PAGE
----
Mon coin de toile - A piece of Web

Custom Linux Image for Eve-NG Unetlab or PNETLab

Posted: Mar 30, 2024

Creating an image on a system with full internet access for use on an isolated network labbing hypervisor involves several steps.

This guide will take you through the process, focusing on macOS as host for image creation.

Utilizing QEMU for Image Creation

QEMU, a powerful virtualization tool, enables the creation and management of virtual machines. For macOS users, QEMU 7.1 or newer integrates with Appleā€™s VMNET framework, offering enhanced networking capabilities without needing root access. socket_vmnet is a recommended tool for those who prefer not to run QEMU as the root user, providing a seamless experience without the entitlement.

For hardware virtualization support, leveraging the MacOS Hypervisor Framework with QEMU allows native support, ensuring efficient virtual machine operation. This feature requires QEMU 7.0 or later and macOS 12 or newer.

Installing QEMU and socket_vmnet is straightforward with Homebrew:

brew install socket_vmnet qemu

Create a qcow with qemu-img

Start by creating a QCOW2 disk image, a flexible format that supports features like snapshots:

qemu-img create -f qcow2 hda.qcow2 30G

Launch the system installation with Qemu

The system used for lab are generally on X86 so we will crete a x86_64 image with qemu-system-x86_64

By default qemu-system-x86_64 does emulation, not virtualization. You can use qemu-system-x86_64 -accel hvf to enable support for hardware virtualization with MacOS hypervisor framework on X86 (or -enable-kvm on a Linux host)

On Mac Intel:

qemu-system-x86_64 -accel hvf -m 1024 -smp 2 -cpu host \
-cdrom debian-12.5.0-amd64-netinst.iso -boot d \
-hda hda.qcow2 -k fr-fr \
-vga virtio -display cocoa,show-cursor=on -monitor stdio
-device e1000,netdev=user0 \
-netdev user,id=user0

On Mac ARM:

qemu-system-x86_64 -m 1024 -smp 2 \
-cdrom debian-12.5.0-amd64-netinst.iso -boot d \
-hda hda.qcow2 -k fr-fr \
-vga virtio -display cocoa,show-cursor=on -monitor stdio \
-device e1000,netdev=user0 \
-netdev user,id=user0

Start the new installed virtual machine and configure it

The first step is to install xinetd and telnetd on your system. xinetd stands for the Extended Internet Daemon, a daemon that listens for incoming requests over a network and launches the appropriate service for those requests. telnetd is the server for the Telnet protocol.

After installing the necessary packages, you need to configure the Telnet service. This is done by creating or modifying a configuration file under /etc/xinetd.d/ directory, which is where xinetd looks for service configuration files.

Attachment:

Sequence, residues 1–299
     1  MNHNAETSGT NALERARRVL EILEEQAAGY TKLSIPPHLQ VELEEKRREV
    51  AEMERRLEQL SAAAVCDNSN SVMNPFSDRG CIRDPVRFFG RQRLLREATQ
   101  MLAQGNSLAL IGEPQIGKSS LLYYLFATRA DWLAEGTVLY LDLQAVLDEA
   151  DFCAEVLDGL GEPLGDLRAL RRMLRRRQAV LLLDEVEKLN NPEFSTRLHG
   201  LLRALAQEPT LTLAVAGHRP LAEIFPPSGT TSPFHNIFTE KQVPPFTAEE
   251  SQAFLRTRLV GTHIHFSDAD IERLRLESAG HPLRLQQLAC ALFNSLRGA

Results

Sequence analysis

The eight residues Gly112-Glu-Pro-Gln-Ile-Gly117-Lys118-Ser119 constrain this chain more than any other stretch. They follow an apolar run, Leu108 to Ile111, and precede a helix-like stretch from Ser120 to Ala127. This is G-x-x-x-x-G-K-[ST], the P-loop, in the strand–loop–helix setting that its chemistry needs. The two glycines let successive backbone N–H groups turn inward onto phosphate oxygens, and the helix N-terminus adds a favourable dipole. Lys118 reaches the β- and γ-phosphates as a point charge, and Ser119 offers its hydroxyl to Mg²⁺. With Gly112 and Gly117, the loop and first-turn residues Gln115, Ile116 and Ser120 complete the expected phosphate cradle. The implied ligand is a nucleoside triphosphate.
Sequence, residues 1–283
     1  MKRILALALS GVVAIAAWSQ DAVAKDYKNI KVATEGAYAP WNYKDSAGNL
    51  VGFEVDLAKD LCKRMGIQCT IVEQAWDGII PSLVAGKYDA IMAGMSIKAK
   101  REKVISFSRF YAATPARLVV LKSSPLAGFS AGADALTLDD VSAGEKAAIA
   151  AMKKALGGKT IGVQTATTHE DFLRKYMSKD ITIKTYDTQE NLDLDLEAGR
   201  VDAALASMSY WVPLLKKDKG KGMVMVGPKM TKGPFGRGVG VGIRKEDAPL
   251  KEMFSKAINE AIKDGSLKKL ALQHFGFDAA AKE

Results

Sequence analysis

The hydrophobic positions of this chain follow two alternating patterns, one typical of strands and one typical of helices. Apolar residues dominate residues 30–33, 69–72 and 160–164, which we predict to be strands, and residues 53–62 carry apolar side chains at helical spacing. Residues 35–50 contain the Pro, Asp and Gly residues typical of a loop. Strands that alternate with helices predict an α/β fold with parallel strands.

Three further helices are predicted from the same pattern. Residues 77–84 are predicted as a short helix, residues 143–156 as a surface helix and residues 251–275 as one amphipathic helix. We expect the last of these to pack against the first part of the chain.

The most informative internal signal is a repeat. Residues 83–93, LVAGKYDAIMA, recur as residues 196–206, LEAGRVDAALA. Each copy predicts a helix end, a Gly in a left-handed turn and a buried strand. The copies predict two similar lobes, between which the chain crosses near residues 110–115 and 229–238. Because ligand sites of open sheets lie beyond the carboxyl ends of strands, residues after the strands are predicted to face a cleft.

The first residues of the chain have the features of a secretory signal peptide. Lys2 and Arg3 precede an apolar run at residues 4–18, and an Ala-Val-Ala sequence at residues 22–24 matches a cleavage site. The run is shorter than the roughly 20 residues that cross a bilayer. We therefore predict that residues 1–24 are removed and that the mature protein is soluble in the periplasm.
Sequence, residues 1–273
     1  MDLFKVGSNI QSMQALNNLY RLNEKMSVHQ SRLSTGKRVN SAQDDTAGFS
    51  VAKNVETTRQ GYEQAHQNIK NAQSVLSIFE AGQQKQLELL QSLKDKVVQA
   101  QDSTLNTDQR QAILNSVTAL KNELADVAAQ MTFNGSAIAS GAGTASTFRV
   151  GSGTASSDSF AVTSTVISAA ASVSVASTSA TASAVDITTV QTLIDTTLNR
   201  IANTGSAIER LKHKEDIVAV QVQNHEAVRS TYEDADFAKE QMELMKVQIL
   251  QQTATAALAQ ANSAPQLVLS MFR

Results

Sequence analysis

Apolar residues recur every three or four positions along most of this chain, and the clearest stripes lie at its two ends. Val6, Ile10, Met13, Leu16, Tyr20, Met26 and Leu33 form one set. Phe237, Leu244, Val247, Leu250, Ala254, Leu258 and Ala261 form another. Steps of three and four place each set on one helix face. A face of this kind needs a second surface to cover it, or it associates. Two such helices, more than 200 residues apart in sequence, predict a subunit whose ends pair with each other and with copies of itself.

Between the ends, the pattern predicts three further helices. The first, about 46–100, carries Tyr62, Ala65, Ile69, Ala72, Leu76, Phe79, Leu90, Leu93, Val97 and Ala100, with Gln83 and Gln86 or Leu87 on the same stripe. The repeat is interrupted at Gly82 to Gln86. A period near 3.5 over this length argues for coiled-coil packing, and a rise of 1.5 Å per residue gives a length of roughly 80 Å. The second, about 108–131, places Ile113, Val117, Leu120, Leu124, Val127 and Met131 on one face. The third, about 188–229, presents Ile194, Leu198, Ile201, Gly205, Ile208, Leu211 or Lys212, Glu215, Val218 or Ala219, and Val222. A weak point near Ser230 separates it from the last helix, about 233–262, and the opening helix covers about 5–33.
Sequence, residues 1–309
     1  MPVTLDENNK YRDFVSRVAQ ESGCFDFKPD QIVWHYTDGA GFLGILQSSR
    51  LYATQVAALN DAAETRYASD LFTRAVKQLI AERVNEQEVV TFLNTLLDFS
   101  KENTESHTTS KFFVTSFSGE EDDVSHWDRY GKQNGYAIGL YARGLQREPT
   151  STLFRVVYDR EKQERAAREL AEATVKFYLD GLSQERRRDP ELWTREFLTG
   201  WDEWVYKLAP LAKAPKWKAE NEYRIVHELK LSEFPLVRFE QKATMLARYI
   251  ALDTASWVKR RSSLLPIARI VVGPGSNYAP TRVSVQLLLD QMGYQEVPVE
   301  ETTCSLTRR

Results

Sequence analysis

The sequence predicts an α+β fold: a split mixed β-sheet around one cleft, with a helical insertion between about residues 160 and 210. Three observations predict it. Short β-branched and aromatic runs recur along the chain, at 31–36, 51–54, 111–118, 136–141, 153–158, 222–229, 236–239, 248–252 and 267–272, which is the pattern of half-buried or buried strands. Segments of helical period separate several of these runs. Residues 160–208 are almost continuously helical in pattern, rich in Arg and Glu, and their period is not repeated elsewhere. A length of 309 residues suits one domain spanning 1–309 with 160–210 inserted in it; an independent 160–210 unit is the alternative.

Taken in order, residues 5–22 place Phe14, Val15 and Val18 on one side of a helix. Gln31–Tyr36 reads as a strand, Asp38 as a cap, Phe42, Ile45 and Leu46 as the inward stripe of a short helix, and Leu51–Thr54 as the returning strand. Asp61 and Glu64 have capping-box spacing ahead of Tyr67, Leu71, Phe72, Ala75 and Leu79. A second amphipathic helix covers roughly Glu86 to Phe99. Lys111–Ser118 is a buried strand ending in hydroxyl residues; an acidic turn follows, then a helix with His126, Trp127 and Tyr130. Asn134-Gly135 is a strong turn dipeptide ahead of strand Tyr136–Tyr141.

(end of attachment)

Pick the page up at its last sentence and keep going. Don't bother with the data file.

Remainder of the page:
The last steps involve enabling and starting a serial console service, which allows you to access the server console over a serial connection such as the way the Virtualization Platform will try to connect to the VM.

Here are the steps to do so :

apt install xinetd telnetd

sudo cat <<'EOF' > /etc/xinetd.d/telnet
service telnet
disable = no
flags = REUSE
socket_type = stream
wait = no
user = root
server = /usr/sbin/in.telnetd
log_on_failure += USERID

sudo service xinetd restart

systemctl enable serial-getty@ttyS0.service

systemctl start serial-getty@ttyS0.service

Add the required software

Adapt this section based on your need (GoBGP, FastNetMon, FRR, etc)

apt install hping3 nmap

Stop the virtual machine

Type quit in the QEMU prompt : (qemu) quit

Compress the Qcow disk image and transfer it

At the end, compress the image to gain some space.

qemu-img convert -O qcow2 image.qcow2 export.qcow2

qemu-img convert -O qcow2 -c image.qcow2 export.qcow2

(PNETLAB) Create a custom template file and a new config file

For integration with platforms like PNETLAB, create a custom template and configuration file for the new device type. This involves specifying the machine’s properties, such as CPU, RAM, and Ethernet interfaces, and placing the QCOW2 image in the designated directory.

$ cd /opt/unetlab/html/templates/intel/
$ cat fastnetmon.yml
type: qemu
description: FastNetMon on Debian 12. root/retour123
name: fastnetmon
cpulimit: 2
icon: Server.png
cpu: 2
ram: 1024
ethernet: 1
console: telnet
shutdown: 1
qemu_arch: x86_64
qemu_version: 2.12.0
qemu_nic: virtio-net-pci
qemu_options: -machine type=pc,accel=kvm -serial mon:stdio -boot order=c
$ cd /opt/unetlab/addons/qemu/
$ mkdir fastnetmon-1.2
$ mv {QCOW2_PATH} hda.qcow2
$ /opt/unetlab/wrappers/unl_wrapper -a fixpermissions

Commit Image Docker and Qemu


From version 2.0.7, PNETLab allow you to Commit the current state of a Qemu or Docker Node to the original image.





Click on the Commit button, system will estimate how many hard disk the new Snapshot will take.


As the picture, The new Snapshot only take 1.06 MB hard disk. By this way you can create many instance of a image but still save your hard disk.

Click Yes and when finish you can see a new device with the name is the name you set.



  • This feature is very helpful for some device not support save configuration e.g Juniper. You can create snapshot instead.
  • The new image will can not working if you remove or edit the original image.
  • With Window Node the Snapshot size will not small



  • This image can operate independently even if the original has been deleted.
  • The hard disk needed to save New images will be much bigger than Snapshot